Businesses increase use of fuel cards to offset rising costs


High fuel prices are driving an increasing number of businesses to use fuel cards as a means of payment at the pump, according to new research from Datamonitor. It reports the European Fuel Cards market was valued at €72bn in 2009 and 987m more litres of fuel is set to be purchased using fuel cards in the next three years.

Datamonitor’s Commercial Fuel Cards in Europe research reveals more businesses are using fuel cards, particularly in the UK and Sweden where the fuel card market is mature and pump prices are inflated by high tax. According to Datamonitor, this is because if businesses use fuel cards they are more likely to receive discounts from the fuel retailer.

Alex Jeater, analyst at Datamonitor, said: “Although businesses in Germany currently spend the most on fuel cards, growth is currently being driven in countries with high pump prices, such as the UK. Consequently, the amount spent on commercial fuel cards in the UK will increase by 8.4% between 2009 and 2012.”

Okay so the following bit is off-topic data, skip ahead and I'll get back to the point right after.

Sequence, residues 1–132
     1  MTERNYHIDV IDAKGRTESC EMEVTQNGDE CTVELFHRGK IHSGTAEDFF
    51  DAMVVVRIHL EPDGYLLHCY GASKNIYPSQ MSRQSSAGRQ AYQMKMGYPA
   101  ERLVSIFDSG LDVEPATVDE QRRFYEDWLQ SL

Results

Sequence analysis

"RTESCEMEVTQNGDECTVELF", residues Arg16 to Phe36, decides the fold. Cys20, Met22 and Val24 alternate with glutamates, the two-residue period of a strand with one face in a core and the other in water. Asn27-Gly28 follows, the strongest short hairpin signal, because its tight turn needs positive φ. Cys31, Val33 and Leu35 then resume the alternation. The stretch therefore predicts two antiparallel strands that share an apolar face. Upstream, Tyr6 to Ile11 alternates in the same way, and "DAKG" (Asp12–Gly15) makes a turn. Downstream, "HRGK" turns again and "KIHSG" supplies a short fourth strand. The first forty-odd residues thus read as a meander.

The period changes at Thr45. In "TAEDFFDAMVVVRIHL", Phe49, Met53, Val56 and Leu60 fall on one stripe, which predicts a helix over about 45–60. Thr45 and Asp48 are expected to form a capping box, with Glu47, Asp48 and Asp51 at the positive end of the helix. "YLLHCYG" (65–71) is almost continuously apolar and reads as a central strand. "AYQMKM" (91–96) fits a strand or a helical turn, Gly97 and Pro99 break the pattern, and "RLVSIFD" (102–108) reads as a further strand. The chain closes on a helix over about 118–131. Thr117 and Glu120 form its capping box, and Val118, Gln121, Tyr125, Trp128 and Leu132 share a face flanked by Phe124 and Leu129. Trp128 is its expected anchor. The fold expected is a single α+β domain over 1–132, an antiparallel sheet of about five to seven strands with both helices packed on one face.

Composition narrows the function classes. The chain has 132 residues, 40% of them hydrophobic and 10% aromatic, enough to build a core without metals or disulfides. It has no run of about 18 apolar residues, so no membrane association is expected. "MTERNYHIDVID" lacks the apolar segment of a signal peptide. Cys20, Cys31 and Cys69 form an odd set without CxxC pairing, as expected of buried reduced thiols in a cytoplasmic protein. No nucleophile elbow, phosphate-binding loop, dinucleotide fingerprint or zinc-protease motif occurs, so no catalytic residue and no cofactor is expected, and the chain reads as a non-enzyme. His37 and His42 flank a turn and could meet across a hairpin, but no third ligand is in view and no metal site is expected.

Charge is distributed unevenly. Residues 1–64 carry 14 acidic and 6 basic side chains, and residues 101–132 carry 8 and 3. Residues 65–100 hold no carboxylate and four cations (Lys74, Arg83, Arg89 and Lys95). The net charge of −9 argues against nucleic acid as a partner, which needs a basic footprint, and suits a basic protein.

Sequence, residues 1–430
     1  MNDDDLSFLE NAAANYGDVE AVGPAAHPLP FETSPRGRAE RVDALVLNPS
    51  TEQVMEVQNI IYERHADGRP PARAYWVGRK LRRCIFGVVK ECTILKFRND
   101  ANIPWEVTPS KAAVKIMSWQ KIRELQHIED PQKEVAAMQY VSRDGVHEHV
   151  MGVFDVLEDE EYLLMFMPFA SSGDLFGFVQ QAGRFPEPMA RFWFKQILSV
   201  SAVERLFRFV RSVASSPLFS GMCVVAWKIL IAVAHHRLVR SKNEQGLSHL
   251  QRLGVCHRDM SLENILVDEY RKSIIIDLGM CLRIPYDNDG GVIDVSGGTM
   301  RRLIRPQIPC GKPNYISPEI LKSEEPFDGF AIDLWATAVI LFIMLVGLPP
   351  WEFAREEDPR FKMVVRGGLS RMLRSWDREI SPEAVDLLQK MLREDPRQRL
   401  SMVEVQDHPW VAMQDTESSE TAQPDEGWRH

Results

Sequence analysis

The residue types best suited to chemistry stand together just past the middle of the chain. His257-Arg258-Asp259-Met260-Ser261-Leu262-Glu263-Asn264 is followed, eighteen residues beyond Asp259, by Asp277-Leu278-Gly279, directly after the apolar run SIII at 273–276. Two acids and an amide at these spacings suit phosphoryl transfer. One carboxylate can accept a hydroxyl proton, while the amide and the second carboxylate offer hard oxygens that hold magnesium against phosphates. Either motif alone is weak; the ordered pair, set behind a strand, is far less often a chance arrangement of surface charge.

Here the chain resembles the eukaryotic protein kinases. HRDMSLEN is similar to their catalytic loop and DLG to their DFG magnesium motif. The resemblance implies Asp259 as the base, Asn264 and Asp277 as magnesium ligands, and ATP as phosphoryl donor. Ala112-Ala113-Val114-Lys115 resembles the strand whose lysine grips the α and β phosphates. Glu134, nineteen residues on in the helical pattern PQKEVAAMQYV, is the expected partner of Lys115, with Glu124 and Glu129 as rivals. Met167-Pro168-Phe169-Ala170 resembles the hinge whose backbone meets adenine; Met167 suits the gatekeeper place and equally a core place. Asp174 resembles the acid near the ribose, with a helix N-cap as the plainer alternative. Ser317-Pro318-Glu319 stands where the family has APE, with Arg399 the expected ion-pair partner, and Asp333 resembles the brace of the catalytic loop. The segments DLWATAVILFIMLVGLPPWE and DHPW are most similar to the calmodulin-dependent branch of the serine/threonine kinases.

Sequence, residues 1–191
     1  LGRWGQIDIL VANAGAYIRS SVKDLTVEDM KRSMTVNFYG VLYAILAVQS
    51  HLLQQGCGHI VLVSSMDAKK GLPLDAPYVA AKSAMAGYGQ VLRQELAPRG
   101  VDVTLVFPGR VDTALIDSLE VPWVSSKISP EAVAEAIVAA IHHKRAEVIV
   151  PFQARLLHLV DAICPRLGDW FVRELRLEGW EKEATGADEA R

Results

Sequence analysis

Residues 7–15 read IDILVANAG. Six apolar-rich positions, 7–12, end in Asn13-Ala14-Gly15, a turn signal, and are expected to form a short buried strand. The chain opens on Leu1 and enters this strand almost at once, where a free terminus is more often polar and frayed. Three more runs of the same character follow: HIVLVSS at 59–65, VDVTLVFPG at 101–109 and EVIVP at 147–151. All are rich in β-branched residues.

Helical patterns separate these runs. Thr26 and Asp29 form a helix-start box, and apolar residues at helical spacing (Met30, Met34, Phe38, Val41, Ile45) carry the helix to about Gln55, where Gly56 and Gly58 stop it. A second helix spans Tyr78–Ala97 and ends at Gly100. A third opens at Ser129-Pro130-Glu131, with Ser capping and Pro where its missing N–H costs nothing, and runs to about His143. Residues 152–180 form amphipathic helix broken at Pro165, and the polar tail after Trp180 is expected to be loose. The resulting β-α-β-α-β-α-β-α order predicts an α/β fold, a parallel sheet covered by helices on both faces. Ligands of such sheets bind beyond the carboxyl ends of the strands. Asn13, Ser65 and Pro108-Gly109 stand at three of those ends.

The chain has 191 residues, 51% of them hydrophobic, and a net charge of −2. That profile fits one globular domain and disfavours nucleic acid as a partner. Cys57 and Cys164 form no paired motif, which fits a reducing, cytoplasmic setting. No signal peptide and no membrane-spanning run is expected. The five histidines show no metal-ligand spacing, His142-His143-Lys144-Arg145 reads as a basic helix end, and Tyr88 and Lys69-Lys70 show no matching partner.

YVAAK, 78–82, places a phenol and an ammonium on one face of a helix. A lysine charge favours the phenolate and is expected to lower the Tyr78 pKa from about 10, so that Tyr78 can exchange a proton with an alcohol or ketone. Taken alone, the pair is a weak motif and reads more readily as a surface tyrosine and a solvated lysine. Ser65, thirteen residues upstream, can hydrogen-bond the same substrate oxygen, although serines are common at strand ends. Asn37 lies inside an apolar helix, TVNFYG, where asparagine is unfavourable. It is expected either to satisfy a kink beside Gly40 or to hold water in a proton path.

However, oil companies, as well as independent fuel card issuers, are starting to look to Eastern Europe where Datamonitor predicts huge growth over the next two years. The volume of fuel purchased on fuel cards in the Czech Republic, Hungary and Romania is set to increase in these markets by nearly 20%, 11.5% and just under 10% respectively between 2009 and 2012. Banks are also increasingly interested in the sector, aware they are missing out on billions of euros worth of transactions, say researchers.

Jeater said: “Although Germany, France and Spain remain very important markets for issuers of commercial fuel cards, Eastern and Southern Europe offers a lucrative potential market and we predictin the Czech Republic alone there will be an increase of more than 340m litres brought on fuel cards between 2009 and 2012. This growth will be driven by the predicted increase in registered company cars and vans, as well as the fact these markets are less mature than elsewhere in Europe.”